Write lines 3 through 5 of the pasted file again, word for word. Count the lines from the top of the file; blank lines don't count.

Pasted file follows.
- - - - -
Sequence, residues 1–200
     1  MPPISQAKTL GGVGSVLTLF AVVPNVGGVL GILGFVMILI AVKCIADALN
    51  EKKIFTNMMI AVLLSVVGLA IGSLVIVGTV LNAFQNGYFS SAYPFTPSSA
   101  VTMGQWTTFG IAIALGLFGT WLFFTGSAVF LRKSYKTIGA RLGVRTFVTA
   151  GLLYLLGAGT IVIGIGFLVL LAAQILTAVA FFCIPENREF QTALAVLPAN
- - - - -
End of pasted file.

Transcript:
    51  EKKIFTNMMI AVLLSVVGLA IGSLVIVGTV LNAFQNGYFS SAYPFTPSSA
   101  VTMGQWTTFG IAIALGLFGT WLFFTGSAVF LRKSYKTIGA RLGVRTFVTA
   151  GLLYLLGAGT IVIGIGFLVL LAAQILTAVA FFCIPENREF QTALAVLPAN